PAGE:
The hope was to form a team with diverse experience, not just business students, because performing due diligence in venture capital covers so many bases. Student Brayden Cutler was studying information systems when Bryson approached him.

“I was really intimidated at first,” Cutler says. “Matt tracked me down in the hallway and asked me to join, and I said, ‘I don’t even know what VC is.’”

After joining the team, however, Cutler says he understood how his technology background helped him evaluate startups in that field and ascertain whether their businesses were worth investing in.

“You're assessing the value of the tech and saying, ‘How good is this tech?’” Cutler says. “‘Is it easily replicable? Are there competitive advantages that they've found that other people haven't found? How big is the actual market?’”

Eventually, the initial recruits were whittled down to a group of 10 students who formed the official Wolverine Fund team. From there, they began meeting with startups in the Utah business community, who would come pitch to the class and field questions from the students.

“It was overwhelming at first,” says Kai Schulze, a first-generation UVU student studying finance. “Everything was so new. You can’t understand how much work venture capital takes until you get your hands dirty and do it. It was hard, but nothing in my college career has come close to providing the engaged learning experience that I have had with the Wolverine Fund.”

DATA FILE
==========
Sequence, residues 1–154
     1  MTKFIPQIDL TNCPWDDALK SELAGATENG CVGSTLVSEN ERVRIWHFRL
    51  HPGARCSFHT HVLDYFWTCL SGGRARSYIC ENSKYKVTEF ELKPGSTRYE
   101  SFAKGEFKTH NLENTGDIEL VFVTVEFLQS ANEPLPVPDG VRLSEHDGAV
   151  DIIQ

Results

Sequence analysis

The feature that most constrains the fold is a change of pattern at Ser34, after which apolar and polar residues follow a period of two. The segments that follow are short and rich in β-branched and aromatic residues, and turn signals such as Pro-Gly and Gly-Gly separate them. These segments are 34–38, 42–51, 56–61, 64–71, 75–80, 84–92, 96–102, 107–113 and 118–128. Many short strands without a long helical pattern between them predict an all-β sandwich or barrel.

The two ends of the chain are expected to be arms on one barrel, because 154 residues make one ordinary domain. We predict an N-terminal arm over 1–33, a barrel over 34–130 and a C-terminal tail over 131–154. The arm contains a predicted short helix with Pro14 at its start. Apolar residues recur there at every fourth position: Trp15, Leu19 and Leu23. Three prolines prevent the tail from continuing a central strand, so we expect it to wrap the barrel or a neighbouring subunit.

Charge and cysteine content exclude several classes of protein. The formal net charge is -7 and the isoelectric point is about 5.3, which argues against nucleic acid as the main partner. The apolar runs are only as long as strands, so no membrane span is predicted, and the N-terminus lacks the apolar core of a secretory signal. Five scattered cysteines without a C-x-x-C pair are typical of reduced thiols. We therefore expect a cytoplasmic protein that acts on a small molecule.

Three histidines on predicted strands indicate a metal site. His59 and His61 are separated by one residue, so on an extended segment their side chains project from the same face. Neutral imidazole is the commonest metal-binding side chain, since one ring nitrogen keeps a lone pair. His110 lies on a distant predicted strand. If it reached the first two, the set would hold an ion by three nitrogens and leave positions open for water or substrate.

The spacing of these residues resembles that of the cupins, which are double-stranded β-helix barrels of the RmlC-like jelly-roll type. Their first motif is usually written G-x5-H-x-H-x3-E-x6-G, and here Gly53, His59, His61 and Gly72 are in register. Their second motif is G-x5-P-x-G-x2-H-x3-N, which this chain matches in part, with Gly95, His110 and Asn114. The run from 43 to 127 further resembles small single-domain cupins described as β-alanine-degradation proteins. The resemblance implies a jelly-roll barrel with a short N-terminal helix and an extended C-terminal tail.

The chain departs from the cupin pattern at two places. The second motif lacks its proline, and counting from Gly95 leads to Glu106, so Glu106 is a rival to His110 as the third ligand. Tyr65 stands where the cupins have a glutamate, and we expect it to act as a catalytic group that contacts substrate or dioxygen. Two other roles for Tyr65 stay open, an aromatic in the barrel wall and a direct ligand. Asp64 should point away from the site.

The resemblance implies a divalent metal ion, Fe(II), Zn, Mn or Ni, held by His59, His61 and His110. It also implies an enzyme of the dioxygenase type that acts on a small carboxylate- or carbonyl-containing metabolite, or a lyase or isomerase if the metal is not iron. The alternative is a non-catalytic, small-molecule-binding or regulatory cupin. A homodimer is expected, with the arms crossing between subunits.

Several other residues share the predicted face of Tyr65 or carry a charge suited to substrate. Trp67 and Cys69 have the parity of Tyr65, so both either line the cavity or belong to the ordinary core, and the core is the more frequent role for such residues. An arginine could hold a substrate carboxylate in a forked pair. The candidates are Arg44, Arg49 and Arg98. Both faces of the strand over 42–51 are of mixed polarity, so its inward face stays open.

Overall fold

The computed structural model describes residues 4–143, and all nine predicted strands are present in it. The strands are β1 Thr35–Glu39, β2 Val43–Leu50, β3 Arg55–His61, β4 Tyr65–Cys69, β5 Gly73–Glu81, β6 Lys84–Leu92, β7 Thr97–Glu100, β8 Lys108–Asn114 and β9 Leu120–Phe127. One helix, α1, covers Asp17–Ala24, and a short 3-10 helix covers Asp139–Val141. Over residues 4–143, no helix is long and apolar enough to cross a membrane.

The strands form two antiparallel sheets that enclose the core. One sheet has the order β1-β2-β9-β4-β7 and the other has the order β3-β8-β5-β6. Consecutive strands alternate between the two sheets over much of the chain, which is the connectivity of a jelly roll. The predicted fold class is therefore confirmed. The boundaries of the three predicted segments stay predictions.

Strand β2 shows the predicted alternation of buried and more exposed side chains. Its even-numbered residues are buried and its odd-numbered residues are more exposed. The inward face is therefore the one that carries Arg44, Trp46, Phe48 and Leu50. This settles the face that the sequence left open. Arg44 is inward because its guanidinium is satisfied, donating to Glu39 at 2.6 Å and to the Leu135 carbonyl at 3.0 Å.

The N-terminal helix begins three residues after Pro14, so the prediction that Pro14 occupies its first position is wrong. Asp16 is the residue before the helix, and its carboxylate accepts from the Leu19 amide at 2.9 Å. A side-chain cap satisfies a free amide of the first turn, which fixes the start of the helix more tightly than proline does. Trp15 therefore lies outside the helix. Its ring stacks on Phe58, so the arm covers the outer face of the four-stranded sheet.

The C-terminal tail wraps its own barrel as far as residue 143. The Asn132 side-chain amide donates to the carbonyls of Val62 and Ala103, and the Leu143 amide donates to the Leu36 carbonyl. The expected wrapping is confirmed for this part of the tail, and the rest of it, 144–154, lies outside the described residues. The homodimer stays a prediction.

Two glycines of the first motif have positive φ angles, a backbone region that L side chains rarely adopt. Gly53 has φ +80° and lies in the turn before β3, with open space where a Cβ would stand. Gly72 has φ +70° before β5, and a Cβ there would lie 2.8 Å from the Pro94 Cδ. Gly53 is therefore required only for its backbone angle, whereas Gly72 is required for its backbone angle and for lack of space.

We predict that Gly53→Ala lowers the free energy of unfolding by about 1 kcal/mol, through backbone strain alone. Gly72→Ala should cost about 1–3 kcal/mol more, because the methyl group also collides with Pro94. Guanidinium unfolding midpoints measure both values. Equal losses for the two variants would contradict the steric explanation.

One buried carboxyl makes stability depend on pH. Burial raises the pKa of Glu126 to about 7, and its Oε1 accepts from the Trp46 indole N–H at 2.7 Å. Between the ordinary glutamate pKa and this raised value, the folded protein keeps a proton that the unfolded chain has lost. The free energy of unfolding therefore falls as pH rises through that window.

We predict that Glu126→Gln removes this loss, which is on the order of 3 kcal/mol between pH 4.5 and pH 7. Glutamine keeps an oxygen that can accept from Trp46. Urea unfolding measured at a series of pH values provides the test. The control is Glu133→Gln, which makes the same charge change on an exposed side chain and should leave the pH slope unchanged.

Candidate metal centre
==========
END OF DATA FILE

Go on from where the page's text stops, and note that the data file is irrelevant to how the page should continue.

Nothing in my college career has come close to providing the engaged learning experience that I have had with the Wolverine Fund.

Everyone who saw the students’ preparation came away impressed. “It was a little bit of a risk on our part,” Moss says. “If they would have floundered, we would have lost a lot of credibility with these VCs, who we depend on to give us opportunities to invest alongside them. I heard from every single one of them, ‘Wow, these kids are smart.’”

After conducting research and due diligence, the Wolverine Fund team met with an investment committee made up of experts in the venture capital industry. The team presented their findings and recommended whether or not to invest.

“Basically, the students act as junior analysts at a venture fund,” Peterson says. “And we just grill them. How’d you come up with that number? What about this? Did you consider that? You've got to be on your toes. It really does create some cool bonds between the students and advisors.

“I wasn’t sure what to expect from UVU students,” Peterson adds. “Now that I am here, my respect for UVU students has grown exponentially. These students have the potential to accomplish incredible things.”

What's cool about UVU students is we're very resourceful. We may not know the answer, but we're not prideful enough to say that we know when we don't know, but we're willing to go find out and work for it.

The Taste of Victory

Along with the hands-on experiences and classroom learning, the Wolverine Fund team took part in the Venture Capital Investment Competition (VCIC), where teams of five students from universities across the country act as investors and hear pitches from startup companies.

Getting into the competition was an achievement itself because participation was allowed only by invitation. But when another team was forced to drop out, UVU grabbed the opportunity. The team was placed in the Northeast bracket and defeated Pitt, Michigan, American University, and others to win the regional and qualify for the national finals.